Here is some news of interest for the many drag racing fans out there. The complexion of the 2018 NHRA Mello Yello Drag Racing Series Countdown to the Championship will take a new form as four of the national events will change dates for the upcoming season.
The Dodge NHRA Nationals will kick off the six-race playoff stretch at historic Maple Grove Raceway on Sept. 13-16. The scenic facility located outside of Philadelphia has long been a hot bed of racing and often produces national record performances.
The series will move to St. Louis on Sept. 21-23 for the AAA Insurance NHRA Midwest Nationals for the next event in the Countdown. Located in the shadow of the St. Louis Arch the event will be an integral stop on the tour.
Racers pursuing a world championship will then compete at the AAA Texas NHRA Fall Nationals at the Texas Motorplex on Oct. 4-7.
zMAX Dragway will host the NHRA Carolina Nationals on Oct. 12-14 at one of the premiere facilities in the country. The popularity of the NHRA Mello Yello Drag Racing Series will be on display as the points battles tighten up nearing the end of the season.
The penultimate race in the Countdown will be the NHRA Toyota Nationals at The Strip at Las Vegas Motor Speedway on Oct. 28-28. The 2018 season will conclude and champions will be crowned at the Auto Club NHRA Finals at Auto Club Raceway at Pomona on Nov. 8-11.
A full season schedule can be found on NHRA.com and the new race dates are below.
Amazing to me is the fact that I have seen all these racers compete and some I have announced. Eight drivers, comprise the 2017 class of inductees for the National Midget Auto Racing Hall of Fame, which will be honored on Friday, January 12 during the annual “Chili Bowl Nationals” week at the Tulsa (Okla.) State Fairgrounds Expo.
Alphabetically they are: Dick Atkins, Roy Bowe, Bill Chennault, Tommy Copp, Bill Eldridge, Burt Foland, Drew Fornoro and Arnie Knepper.
Atkins, of Hayward, Calif., burst upon the racing scene with spectacular results in the mid-1960s, although his career was cut short in a devastating Sprint car crash at Ascot Park in Gardena, Calif. in 1966 which claimed his life and that of Don Branson. Atkins scored a USAC National Midget win at Ascot Park in 1965 and just one week before his fatal crash he recorded his most significant win in the USAC 100-Mile National Championship race at the California State Fairgrounds in Sacramento. T
Bowe, of Denver, Colo., won the Rocky Mountain Midget Racing Association’s crown in 1948 and 1949.
Chennault, of Kansas City, Mo., like A.J. Foyt, was a 1957 USAC feature winner at Olympic Stadium in Kansas City. He was a five-time Kansas City Midget Racing Champion (1953, 55, 56, 57 and 58). He competed in sporadic USAC National Championship races in 1957 and 1958.
Copp, of Fresno, Calif., was among the top USAC drivers between 1959 and 1964, racking up 23 feature victories. The 1959, 1961 and 1964 BCRA Indoor Midget Champion, he was a perennial “top-10” USAC point driver, recording eight “top-10” rankings between 1959 and 1967. His best ranking was a third in proficient at Flat Rock, Mich. 1962, 1963 and 1964 when he scored 17 of his USAC wins. He was especially proficient at Flat Rock, Mich., where he scored three wins, and he also notched a pair of wins at the high-profile Soldier Field in Chicago.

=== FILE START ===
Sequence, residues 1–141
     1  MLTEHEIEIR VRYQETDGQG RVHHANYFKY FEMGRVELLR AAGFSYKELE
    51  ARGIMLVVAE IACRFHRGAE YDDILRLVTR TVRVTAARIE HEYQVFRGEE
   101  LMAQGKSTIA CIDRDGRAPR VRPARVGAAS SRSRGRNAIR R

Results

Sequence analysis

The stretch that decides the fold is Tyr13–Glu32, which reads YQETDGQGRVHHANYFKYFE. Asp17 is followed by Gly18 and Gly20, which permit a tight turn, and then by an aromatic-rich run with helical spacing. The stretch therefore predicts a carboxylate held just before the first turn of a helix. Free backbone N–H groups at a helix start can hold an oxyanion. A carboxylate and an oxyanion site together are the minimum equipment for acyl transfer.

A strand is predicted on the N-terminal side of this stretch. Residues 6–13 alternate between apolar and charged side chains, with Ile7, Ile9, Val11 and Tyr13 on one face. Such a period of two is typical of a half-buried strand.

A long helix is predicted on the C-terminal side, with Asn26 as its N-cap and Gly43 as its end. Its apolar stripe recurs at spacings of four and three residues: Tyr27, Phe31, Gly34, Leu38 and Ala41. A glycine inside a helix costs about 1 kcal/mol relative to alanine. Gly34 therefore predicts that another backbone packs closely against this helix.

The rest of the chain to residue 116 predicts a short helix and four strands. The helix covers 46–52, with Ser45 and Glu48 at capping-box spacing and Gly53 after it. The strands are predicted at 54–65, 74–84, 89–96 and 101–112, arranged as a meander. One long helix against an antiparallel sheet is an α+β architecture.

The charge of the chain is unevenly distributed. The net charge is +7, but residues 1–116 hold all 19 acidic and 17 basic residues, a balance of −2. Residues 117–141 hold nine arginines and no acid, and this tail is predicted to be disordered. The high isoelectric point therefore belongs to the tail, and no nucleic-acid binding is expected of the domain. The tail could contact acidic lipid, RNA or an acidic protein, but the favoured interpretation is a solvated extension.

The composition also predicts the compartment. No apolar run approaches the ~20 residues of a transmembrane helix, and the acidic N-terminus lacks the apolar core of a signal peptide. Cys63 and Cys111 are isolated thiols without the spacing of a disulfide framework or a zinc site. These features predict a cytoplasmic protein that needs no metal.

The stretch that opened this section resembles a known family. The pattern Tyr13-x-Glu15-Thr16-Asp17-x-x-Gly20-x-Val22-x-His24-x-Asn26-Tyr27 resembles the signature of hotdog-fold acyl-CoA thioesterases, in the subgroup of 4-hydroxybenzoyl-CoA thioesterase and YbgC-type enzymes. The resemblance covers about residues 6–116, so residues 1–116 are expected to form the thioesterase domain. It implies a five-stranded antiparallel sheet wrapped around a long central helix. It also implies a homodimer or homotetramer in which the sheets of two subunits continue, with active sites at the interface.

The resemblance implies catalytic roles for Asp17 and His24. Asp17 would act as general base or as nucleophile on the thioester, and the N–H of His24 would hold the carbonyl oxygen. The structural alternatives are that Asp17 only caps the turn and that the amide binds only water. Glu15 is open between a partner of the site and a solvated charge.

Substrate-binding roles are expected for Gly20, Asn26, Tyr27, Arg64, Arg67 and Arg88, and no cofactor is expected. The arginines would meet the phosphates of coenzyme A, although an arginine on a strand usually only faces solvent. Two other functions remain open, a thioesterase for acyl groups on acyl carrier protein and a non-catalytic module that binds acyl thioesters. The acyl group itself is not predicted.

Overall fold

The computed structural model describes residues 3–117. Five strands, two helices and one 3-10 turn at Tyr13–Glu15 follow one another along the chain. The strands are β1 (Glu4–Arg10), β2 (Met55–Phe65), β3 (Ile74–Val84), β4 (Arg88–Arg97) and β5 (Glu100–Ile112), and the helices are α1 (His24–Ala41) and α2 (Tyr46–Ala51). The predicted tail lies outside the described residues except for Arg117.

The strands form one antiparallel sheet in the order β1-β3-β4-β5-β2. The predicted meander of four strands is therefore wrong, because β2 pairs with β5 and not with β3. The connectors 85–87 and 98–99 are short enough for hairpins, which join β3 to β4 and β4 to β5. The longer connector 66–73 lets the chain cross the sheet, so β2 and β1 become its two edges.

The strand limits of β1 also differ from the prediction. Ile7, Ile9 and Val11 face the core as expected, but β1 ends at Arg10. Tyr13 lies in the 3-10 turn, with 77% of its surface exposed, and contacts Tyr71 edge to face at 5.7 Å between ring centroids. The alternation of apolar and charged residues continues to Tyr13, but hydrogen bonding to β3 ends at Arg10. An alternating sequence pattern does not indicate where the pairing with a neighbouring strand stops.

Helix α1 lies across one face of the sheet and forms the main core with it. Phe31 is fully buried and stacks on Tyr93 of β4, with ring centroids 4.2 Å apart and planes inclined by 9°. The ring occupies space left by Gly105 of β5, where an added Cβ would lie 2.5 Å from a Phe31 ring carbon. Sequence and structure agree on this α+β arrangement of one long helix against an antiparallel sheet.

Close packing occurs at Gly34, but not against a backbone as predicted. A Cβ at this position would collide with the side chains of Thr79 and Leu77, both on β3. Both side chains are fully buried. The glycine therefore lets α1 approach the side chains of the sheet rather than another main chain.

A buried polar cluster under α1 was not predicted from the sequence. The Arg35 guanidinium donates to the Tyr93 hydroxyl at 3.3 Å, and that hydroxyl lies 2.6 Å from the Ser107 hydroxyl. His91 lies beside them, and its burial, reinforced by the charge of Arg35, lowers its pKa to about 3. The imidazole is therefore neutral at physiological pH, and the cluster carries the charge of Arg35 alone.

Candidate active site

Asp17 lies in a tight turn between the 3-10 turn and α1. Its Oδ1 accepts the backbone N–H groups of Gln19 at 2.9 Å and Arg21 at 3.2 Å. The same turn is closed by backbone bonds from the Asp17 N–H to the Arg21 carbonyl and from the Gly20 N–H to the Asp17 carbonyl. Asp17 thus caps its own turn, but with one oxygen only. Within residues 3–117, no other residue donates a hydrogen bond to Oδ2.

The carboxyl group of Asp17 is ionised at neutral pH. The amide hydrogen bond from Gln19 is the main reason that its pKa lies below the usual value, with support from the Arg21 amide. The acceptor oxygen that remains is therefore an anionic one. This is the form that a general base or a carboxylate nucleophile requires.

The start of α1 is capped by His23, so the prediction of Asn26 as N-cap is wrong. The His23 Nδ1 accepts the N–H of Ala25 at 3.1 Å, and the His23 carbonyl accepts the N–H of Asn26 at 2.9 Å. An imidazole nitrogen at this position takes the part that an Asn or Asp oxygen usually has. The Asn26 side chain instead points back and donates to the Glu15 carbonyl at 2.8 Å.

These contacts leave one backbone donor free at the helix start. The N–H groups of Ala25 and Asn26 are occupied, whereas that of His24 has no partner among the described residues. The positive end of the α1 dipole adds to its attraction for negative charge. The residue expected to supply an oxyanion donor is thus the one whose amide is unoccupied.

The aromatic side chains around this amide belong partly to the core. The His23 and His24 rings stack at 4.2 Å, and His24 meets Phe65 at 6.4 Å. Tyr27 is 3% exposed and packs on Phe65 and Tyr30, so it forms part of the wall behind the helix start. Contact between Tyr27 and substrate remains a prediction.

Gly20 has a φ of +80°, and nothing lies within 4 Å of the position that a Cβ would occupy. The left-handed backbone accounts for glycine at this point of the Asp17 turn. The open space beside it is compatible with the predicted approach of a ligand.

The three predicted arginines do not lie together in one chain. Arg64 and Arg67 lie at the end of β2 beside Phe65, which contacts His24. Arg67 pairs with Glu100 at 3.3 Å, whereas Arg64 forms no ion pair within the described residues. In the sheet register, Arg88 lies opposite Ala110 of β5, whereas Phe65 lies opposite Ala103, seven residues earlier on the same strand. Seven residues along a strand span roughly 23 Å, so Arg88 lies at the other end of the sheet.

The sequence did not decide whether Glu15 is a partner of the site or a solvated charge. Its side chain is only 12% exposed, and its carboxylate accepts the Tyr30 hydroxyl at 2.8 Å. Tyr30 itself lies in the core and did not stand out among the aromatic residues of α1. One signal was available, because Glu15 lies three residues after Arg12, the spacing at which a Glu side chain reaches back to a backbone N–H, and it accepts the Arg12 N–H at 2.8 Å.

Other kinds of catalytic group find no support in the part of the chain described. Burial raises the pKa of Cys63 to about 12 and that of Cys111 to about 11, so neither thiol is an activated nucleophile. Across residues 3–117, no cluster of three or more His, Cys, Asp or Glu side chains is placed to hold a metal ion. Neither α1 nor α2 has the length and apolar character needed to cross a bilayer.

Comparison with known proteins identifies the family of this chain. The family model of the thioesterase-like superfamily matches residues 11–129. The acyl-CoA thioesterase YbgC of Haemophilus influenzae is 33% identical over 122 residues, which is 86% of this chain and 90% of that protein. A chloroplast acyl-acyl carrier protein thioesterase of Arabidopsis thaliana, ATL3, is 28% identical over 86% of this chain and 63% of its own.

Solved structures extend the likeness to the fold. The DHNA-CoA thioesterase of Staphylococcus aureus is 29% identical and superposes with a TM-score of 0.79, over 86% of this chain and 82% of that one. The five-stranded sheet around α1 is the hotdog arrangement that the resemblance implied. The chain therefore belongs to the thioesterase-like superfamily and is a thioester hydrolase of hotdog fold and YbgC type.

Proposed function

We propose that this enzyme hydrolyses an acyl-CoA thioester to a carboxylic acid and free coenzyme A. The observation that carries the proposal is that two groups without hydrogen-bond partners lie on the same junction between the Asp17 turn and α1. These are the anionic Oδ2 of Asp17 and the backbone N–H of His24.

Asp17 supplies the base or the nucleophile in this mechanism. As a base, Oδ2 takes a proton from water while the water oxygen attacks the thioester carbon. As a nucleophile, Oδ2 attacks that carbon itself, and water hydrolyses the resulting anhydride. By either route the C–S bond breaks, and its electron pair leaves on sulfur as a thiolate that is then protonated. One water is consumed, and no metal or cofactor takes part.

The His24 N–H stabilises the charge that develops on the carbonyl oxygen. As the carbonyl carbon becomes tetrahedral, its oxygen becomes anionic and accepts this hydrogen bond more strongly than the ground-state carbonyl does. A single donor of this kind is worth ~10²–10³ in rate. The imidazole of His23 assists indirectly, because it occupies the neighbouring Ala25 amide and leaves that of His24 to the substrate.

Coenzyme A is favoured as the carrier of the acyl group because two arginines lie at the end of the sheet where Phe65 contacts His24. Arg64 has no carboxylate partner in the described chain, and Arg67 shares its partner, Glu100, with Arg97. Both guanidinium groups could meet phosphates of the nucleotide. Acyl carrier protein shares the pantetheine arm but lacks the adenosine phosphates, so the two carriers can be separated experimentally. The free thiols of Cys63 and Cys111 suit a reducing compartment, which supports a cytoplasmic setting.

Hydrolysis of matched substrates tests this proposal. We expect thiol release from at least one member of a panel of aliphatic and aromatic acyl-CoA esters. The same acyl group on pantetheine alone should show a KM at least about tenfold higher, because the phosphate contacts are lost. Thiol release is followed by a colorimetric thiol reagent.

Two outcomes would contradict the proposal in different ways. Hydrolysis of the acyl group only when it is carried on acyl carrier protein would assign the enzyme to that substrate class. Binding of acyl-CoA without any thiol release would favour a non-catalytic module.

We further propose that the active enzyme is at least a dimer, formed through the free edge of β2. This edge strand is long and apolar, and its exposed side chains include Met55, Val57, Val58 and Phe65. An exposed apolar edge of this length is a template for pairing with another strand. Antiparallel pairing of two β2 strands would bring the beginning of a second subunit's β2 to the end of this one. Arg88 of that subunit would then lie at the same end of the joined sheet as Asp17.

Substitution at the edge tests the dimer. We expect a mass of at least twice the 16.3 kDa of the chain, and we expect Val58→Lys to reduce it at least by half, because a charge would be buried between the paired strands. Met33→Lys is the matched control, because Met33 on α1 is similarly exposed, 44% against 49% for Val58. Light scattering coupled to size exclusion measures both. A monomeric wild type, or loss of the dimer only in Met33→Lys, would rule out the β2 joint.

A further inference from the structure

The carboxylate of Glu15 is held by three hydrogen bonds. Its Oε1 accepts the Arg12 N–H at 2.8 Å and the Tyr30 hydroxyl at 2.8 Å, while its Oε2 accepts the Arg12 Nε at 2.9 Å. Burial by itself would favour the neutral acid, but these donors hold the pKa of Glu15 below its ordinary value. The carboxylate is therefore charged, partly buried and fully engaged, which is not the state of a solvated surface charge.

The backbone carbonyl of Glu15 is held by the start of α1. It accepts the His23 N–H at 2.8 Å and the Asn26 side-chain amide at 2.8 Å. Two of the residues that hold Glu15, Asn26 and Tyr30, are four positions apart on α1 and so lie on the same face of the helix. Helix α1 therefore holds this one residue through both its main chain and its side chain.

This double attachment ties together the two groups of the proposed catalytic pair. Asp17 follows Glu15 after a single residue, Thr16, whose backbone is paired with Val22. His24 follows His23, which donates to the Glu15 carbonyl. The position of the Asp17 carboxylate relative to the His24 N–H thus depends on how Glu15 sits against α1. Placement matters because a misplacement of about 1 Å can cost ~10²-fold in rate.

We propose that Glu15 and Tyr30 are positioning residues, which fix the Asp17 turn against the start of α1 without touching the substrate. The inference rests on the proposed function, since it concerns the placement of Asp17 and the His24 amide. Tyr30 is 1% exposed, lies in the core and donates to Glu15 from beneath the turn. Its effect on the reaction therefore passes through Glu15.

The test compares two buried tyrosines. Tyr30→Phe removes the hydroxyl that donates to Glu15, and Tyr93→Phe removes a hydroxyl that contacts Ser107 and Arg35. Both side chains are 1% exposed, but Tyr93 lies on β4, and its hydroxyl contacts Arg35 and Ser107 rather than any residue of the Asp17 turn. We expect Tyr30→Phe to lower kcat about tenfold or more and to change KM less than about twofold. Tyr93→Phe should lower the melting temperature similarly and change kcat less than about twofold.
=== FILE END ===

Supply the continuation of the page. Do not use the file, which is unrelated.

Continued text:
Eldridge, of Needham, Mass., captured Northeastern Midget Association titles in 1953, 1954, 1957 and 1958.
Foland, of Coarsegold, Calif., was primarily a pavement specialist and scored five USAC National Midget wins on the hard surface.
Fornoro, of Newton, N.J., joins father Nick in the Hall of Fame. During a 16-year stretch he claimed nine Northeastern Midget Association (NEMA) titles. They came in 1983, 1985, 1986, 1988, 1992, 1995, 1996, 1998 and 1999! He scored a trio of USAC National Midget wins, at Lee, N.H. in 1985 and 1987, and at Seekonk, Mass. in 1986. His 83 career NEMA victories lead the all-time list.
Knepper, of Belleville, Ill., amassed five St. Louis Auto Racing Association (SLARA) Midget crowns. They came in 1954, 1955, 1960, 1975 and 1979. The five-time Indianapolis 500 veteran finished 18th (his best) in his rookie year of 1965, then made the 1966-67-68-69 races as well. In 1966 he was part of the contingent of drivers who competed in the race at Mount Fuji, Japan.
Change is coming to area sprint car racing. United States Auto Club (USAC) Sprint Car racing is coming eastbound on a full-time basis in 2018 when the newly-formed USAC East Coast Sprint Car Series makes its debut.
USAC’s newest division joins the slate after series director Curt Michael and the United Racing Club conducted a pair of wingless sprint car events during the 2017 season.
“The very first one at Big Diamond, we had 16 cars and the place was packed,” Michael explained. “(The promoter) took two races this year because he’s seen it’s something to build on. The next time out at Path Valley, we had 26 cars and I think it’s only going to get better.”
“They’re cool cars and it’s different,” Michael said of wingless sprint car racing. “The biggest thing is these kids coming up are racing 600 micros, 270s and SpeedSTRs. It’s a big thing in the lower ranks. We brought in a whole bunch of new guys to race with us this year. It didn’t hurt URC’s wing deal. We even had a couple wingless guys buy wing cars.”
The East Coast and, particularly, the state of Pennsylvania is obviously well-known for wing sprint car racing. Michael, who, himself, has made a living racing with the wing as a 9-time URC champion and will continue to race with URC in addition to his new side endeavor leading the USAC East Coast Sprint Cars, sees an opportunity for a different breed of racing to feed the appetite of drivers, teams and fans in the Pennsylvania, New Jersey, New York and Delaware region.